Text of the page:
“It may or may not be,” Epstein said. “Those choices, they’re not unilateral things. You can’t sit there and decide: ‘Hey, this guy, we’re moving him.’ Because you don’t know what the return might be. You don’t know how the different moving parts might fit together.

“I think going into the offseason prepared to make some tough choices and execute on them — and keeping an open mind to anything — is appropriate under the circumstances where we have some obvious deficits and we have some real surplus with talented players who are really desirable.”

Let’s assume All-Star first baseman Anthony Rizzo, MVP third baseman Kris Bryant and catcher Willson Contreras are essentially untouchable.

The Cubs used the ninth overall pick in the 2015 draft on Ian Happ with the explicit idea that the college hitter should be on a fast track and could be flipped for pitching later: Is it time to sell high after the rookie just put up 24 homers and an .842 OPS?

During an exit meeting with Albert Almora Jr., Epstein said he couldn’t promise an everyday job in 2018, though the expectation would be more responsibilities: Think anyone else would be interested in a potential Gold Glove center fielder who’s already playoff-tested?

Do you want Addison Russell or Javier Baez as your everyday shortstop for the next four years? Is there an American League team willing to bet big that Kyle Schwarber will crush 40 homers a year as a designated hitter?

The Cubs have to ask themselves those types of questions, which could mean getting outside of their comfort zone and taking on some riskier pitching investments and sapping the strength that has turned them into the dominant force in the NL Central.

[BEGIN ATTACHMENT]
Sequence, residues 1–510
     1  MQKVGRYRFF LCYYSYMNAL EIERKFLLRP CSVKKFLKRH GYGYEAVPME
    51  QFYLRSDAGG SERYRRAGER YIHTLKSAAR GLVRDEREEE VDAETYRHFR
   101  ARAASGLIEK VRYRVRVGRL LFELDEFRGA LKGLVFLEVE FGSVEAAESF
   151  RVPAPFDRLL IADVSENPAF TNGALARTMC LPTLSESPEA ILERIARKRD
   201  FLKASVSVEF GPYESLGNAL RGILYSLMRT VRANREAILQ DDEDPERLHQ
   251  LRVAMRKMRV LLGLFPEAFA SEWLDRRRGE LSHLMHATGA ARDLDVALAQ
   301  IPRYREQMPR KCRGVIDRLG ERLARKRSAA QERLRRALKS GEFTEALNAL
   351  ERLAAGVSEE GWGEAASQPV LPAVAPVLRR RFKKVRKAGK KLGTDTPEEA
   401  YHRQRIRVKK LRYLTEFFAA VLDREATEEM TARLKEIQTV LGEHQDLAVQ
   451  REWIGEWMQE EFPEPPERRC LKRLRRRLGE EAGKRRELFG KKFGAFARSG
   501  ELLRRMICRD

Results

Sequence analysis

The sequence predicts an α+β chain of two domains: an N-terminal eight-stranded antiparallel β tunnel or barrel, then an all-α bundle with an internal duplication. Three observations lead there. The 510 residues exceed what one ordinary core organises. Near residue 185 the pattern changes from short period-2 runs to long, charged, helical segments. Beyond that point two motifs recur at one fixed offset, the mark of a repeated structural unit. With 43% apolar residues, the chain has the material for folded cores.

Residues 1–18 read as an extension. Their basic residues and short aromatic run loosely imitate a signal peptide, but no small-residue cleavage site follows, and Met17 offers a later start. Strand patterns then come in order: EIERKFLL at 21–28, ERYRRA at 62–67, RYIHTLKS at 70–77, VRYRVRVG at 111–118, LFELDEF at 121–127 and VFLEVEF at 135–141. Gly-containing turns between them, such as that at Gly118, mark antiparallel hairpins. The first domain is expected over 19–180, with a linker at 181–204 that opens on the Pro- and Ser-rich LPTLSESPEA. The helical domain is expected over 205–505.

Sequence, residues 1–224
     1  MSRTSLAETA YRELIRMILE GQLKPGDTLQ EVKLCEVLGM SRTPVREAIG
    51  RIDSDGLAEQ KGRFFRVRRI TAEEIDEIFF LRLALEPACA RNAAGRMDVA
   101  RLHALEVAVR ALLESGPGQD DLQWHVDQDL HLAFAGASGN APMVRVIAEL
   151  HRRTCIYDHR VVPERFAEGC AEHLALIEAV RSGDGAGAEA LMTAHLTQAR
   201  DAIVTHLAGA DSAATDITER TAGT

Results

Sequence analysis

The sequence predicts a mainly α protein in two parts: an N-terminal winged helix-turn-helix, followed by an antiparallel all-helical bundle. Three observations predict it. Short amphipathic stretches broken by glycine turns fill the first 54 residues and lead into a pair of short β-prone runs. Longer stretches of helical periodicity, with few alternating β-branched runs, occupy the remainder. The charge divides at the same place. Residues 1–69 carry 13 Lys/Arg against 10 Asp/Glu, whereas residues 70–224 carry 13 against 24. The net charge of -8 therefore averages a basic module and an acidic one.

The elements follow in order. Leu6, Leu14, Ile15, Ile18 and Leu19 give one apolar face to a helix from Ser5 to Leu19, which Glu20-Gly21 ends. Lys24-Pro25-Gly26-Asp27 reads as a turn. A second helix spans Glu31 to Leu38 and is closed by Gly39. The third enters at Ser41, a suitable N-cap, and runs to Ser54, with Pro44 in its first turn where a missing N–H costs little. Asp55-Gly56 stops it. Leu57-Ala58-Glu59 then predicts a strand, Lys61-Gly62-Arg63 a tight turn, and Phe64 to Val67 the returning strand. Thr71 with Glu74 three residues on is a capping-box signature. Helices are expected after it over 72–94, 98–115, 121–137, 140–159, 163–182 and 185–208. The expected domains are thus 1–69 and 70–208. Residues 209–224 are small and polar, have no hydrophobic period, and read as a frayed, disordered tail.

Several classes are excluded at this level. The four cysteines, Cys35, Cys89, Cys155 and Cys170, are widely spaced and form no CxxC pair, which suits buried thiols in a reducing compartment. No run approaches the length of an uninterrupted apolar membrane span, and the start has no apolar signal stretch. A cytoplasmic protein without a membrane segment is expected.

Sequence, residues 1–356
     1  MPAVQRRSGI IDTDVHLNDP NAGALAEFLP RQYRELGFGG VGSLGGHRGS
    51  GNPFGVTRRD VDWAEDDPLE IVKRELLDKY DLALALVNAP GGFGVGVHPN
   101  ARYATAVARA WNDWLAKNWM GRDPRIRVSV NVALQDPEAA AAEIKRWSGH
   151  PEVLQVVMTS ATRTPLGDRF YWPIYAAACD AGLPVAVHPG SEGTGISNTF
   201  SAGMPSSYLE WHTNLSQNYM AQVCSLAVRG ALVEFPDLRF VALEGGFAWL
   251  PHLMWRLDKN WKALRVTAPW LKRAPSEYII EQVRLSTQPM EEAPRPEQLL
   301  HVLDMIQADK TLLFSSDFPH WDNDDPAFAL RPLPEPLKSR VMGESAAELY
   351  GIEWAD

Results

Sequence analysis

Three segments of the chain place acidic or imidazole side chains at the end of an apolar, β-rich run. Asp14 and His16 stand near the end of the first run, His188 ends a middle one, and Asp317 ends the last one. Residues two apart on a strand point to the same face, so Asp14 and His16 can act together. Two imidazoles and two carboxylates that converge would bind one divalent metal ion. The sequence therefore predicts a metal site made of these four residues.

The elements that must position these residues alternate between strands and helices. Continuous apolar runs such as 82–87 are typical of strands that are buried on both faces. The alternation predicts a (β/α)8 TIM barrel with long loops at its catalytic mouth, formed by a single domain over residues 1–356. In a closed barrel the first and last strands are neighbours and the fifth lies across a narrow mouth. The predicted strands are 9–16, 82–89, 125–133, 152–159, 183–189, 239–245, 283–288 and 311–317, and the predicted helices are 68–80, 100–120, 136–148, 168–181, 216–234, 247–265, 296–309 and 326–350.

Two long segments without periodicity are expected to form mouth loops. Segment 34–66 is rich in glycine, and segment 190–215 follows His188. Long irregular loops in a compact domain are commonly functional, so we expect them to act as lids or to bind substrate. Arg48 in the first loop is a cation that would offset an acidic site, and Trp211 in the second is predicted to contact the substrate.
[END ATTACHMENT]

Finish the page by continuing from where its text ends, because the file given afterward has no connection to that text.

“We’ve really benefitted from having two or three extra — and ‘extra’ in quotes because they’re not really extra — starting-caliber players on the roster,” Epstein said. “That helped us win 97 games in ’15, 103 last year, 92 this year. That’s as big a part of the club as anything.

“Having an Addison Russell go down and being able to move Javy Baez to shortstop — that’s an obvious example of it. But those things show up every week for us. There’s a day where someone can’t make the lineup and someone else slides in and you’re still starting eight quality guys. That’s huge.

“Sooner or later, you reach a point where you have to strongly consider sacrificing some of that depth to address needs elsewhere on the club. There’s no sort of deadline to do that. But I think we’re entering the phase where we have to be really open-minded to that if it makes the overall outlook of the team and organization better.”

Translation: The Cubs are open for business. Make your best offer.